The Merced County Board of Supervisors on Tuesday voted to swap home-delivered hot meals to senior citizens with frozen entrees, despite strong criticism from nearly a dozen residents – some of whom compared the frozen meals to Popsicle sticks.
County supervisors voted 4-1 to approve a contract with Taher Inc., the company that produces the meals beginning in October, with Supervisor Deidre Kelsey casting the dissenting vote. The action means about 150 homebound seniors will no longer receive daily hot meals delivered to their homes five times a week. Instead, a box of five frozen meals will be dropped off once a week.
Voicing concerns about losing the daily interaction provided by the delivery of hot meals, the board directed staff to bring back a plan for a volunteer program to fill that void. It’s unclear how many volunteers will be recruited or the costs associated with hiring a volunteer coordinator.
Critics of the frozen meals poured into the board chamber Tuesday, asking how disabled seniors will operate a microwave, and questioning the taste and quality of the frozen food and the loss of companionship from the daily deliveries.
Merced County receives state and federal funding to support the program, which provides meals at seven congregate sites and home delivery to seniors who are 60 and older or confined to their homes due to illness, incapacity or disability.
The switch to frozen meals would save the county $80,000 a year, county administrators said.
The home-delivery program costs are estimated at $342,751 for fiscal year 2014-15, with $199,193 coming from the state and federal funding. The county is required to kick in just $31,436, but provides an additional “over-match” of $112,122 to run the program.
However, county officials are now saying it isn’t just about money, but that the temperatures of the meals being delivered have dropped below food safety guidelines since January.
“We had reached the point where we had tried everything we could think of to bring it to compliance,” Human Services Agency Director Ana Pagan said.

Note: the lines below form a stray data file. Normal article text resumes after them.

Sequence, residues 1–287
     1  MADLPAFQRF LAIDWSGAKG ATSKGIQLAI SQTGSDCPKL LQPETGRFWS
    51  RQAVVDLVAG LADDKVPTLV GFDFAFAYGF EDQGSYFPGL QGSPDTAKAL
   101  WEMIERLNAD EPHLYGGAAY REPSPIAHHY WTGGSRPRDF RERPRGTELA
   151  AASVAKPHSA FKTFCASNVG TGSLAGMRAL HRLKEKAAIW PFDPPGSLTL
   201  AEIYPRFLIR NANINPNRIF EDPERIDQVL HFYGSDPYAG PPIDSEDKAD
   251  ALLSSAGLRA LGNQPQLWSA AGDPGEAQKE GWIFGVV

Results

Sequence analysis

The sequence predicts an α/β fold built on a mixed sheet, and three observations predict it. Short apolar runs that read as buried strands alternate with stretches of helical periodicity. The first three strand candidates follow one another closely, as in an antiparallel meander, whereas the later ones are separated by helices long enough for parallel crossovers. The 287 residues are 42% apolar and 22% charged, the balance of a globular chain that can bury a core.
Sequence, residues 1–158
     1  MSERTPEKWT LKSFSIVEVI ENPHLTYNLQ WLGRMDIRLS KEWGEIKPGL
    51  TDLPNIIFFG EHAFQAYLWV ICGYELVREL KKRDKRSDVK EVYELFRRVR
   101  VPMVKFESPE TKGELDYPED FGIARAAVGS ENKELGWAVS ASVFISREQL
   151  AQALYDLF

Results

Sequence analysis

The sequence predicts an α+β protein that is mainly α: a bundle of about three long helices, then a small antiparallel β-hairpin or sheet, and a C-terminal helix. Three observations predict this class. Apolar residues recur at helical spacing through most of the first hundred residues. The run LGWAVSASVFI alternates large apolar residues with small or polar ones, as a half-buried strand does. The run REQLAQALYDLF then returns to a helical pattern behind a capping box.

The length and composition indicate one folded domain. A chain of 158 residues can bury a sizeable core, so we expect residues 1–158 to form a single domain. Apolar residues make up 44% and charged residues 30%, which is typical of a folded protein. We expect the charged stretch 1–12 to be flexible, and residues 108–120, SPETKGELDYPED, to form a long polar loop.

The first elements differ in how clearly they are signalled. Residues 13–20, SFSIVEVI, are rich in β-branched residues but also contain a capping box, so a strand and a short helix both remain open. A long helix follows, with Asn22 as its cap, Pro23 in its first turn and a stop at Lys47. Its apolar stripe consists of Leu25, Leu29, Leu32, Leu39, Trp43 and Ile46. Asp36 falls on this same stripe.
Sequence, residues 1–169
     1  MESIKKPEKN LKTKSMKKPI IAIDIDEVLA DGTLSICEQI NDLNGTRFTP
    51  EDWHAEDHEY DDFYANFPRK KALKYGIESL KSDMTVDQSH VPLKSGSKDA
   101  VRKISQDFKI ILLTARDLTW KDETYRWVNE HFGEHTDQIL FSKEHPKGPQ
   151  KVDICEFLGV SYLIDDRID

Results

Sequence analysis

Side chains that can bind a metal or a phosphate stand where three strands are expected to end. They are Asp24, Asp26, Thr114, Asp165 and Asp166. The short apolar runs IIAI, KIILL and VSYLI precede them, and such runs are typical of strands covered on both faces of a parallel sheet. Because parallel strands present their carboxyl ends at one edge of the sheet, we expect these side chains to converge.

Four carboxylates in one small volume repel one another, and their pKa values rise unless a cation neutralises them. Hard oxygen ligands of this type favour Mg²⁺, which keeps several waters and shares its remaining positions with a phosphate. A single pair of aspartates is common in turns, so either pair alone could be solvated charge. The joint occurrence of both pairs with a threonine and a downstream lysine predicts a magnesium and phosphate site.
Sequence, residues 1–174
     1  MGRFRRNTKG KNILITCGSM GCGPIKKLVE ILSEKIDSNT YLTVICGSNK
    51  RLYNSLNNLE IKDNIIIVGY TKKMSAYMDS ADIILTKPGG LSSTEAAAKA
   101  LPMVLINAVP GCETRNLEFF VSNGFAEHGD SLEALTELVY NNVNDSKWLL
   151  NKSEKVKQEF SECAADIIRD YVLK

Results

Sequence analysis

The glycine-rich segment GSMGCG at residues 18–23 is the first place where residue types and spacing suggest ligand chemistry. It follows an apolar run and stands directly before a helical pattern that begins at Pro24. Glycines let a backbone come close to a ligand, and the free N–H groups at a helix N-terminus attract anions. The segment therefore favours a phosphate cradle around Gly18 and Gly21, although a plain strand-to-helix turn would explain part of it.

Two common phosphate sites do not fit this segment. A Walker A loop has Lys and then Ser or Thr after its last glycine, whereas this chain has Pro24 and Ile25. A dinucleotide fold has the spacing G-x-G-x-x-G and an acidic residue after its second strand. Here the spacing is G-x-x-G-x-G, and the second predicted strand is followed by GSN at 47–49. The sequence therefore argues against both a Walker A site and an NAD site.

Pagan said food temperatures are measured by delivery drivers and volunteers when the meals are picked up and again before the last meal is delivered. The state “noted” the temperatures being out of compliance during audits, Pagan said, but the county has not been financially penalized.
Besides a quarterly visit from the program’s dietitian, county staff do not personally measure the food temperatures and have no way of confirming the calculations reported by volunteers and drivers are correct.
Registered dietitian Mary Brooks said she’s tested the food when it’s delivered and it has always met temperature requirements. “This is not a health and safety issue, so don’t make it one,” she told county supervisors Tuesday. “This is not a reason, it’s an excuse.”
The contract approved on Tuesday could potentially result in a loss of jobs.
The Merced County Rescue Mission, which is contracted to run the program, employs five paid drivers to deliver the meals, but Taher will bring in its own drivers when it takes over.
Mission CEO Bruce Metcalf said some staffing changes will be necessary, but he’s waiting to see if Taher hires any of his drivers. “Obviously we wouldn’t need as many drivers if we were only delivering to the congregate sites,” Metcalf said. “I’m going to wait to see what happens.”
Merced County isn’t the first to approve frozen meals for its homebound seniors. Neighboring counties such as San Joaquin, Fresno, Stanislaus and Madera have made the switch to frozen meals.
Jean Robinson, executive director of the Fresno-Madera Area Agency on Aging, said Fresno has been serving frozen meals for at least 15 years. Madera County converted two years ago.
“Our transition was seamless and very well received,” Robinson said. “We haven’t had any complaints. With the frozen (meals), they can pick and choose the time of day they want to eat.”
Robinson said a major selling point for the program in her area was that it doubled the number of meals for seniors from seven to 14 per week, including a fresh breakfast with milk, juice and cereal. Merced County's program remains at five meals per week.